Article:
Between 1915 and 1918, Wodehouse teamed with composer Kern and librettist Bolton to revolutionize American musical comedy-or at the very least, to provide a foundation for a format that valued coherent structure over spectacle (the signature of American musical comedies of the age). Called musicals in the "Princess style" after the Princess Theatre, a 299-seat house at which several originated, their productions pitched a higher standard for the art form. Instead of extravagant production values and variety which often sacrificed script cohesion, Bolton's scenarios, Wodehouse's dialogue and lyrics, and Kern's music sought to weave a tight and entertaining plot. Stories could still be silly, even ludicrous, but the words had to be clever and the music had to unfold seamlessly from the dialogue and action. Razor wit Dorothy Parker, who stepped into Wodehouse's shoes as critic at VANITY FAIR after his departure, applauded them: "Bolton and Wodehouse and Kern are my favorite indoor sport. I like the way they go about a musical comedy." Their work together through 1915-1918 produced landmarks of the style such as OH, BOY!, LEAVE IT TO JANE, and OH, LADY! LADY!!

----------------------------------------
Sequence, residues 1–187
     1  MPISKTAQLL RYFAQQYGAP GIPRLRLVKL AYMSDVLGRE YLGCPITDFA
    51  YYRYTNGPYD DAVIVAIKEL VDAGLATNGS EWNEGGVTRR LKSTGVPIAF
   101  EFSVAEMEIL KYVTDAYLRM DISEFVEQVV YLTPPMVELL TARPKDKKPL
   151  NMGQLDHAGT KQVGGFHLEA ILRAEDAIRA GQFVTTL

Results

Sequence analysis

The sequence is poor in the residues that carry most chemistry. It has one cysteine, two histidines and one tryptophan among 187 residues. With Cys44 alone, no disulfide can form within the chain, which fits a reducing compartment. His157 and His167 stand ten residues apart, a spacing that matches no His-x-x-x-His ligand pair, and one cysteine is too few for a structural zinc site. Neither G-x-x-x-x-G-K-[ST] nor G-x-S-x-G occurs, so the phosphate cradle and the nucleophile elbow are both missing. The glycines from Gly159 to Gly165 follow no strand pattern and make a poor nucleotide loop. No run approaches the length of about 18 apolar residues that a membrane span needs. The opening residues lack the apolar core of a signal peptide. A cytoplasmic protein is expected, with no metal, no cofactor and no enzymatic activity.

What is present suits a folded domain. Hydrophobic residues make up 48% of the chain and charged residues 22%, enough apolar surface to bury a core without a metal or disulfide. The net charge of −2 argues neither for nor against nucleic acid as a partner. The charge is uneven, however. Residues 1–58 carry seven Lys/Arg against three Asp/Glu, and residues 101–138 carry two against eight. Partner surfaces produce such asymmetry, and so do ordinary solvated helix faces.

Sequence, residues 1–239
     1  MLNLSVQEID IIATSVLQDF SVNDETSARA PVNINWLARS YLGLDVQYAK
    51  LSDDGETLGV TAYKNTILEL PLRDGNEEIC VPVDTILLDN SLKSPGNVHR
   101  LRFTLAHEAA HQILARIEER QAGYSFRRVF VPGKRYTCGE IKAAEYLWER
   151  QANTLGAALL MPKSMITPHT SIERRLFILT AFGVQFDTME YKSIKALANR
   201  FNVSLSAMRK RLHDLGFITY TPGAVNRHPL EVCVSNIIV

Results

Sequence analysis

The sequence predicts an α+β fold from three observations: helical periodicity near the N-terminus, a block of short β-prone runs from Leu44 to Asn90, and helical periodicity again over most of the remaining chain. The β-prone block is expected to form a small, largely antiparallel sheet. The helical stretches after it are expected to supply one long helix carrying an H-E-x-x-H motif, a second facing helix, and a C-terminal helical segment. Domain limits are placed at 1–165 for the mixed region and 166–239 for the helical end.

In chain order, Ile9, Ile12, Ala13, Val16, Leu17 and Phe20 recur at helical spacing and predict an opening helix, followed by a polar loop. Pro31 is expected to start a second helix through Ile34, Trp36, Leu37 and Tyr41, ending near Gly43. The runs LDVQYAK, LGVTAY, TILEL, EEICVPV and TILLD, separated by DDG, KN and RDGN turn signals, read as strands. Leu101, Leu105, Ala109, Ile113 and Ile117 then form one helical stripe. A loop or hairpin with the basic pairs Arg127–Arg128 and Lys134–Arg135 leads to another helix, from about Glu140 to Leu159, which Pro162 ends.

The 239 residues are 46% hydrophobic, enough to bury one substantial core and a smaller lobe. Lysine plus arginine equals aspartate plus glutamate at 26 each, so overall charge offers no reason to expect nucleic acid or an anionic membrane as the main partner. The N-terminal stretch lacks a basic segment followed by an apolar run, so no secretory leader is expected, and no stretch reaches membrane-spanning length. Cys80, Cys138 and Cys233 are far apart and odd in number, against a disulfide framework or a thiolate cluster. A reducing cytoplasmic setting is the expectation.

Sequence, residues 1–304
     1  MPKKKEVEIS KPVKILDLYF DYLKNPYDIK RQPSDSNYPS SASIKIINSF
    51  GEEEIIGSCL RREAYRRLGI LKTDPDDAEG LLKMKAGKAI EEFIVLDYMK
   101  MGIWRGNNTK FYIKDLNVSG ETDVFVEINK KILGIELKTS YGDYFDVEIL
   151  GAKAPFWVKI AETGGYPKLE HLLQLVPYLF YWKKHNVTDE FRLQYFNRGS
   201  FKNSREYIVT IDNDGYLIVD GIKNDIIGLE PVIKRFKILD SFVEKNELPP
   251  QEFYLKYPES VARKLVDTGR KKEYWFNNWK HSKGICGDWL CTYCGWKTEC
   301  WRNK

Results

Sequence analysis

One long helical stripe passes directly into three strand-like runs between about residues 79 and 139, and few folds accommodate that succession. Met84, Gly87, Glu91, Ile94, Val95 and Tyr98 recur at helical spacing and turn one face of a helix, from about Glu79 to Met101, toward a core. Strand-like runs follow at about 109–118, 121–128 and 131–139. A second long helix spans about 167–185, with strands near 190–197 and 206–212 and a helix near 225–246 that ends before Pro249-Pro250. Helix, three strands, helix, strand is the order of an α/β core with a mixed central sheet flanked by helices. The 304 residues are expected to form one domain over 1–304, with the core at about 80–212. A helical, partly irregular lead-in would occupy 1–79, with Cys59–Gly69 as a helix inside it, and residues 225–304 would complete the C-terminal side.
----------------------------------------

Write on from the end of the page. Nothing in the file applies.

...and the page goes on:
oh ladyDuring the period of the Princess Theatre collaborations, Wodehouse found himself quite suited to the work-Kern would write music first, and he would fit lyrics to the composition. His understated humor and playfulness with language, already musical in its rhythms, was uncannily suited to Kern's style. He would continue to partner with Bolton and Kern in a trio or pair throughout the 1920s; theatrical producers called upon him to patch holes, spruce up, or downright rescue scripts. As early as 1921 he wrote to his stepdaughter Leonora that everybody wanted him to do a play! Typical in his personal correspondence at this time was reflection on the deadlines and long hours of life in the theatre. Writing to his friend William Townend in December 1922, for instance, he spilled a thought about one driven employer: "Life has been one damned bit of work after another ever since I landed. First, Bolton and I settled down and wrote a musical comedy in two weeks for Ziegfeld." And in November 1927: "New York is noisier than ever. I found my only way of getting any work done was to take a room out at the Great Neck golf club and work there. So I am the only man on record who commutes the wrong way. I catch the twelve o'clock train from New York most days and return after dinner."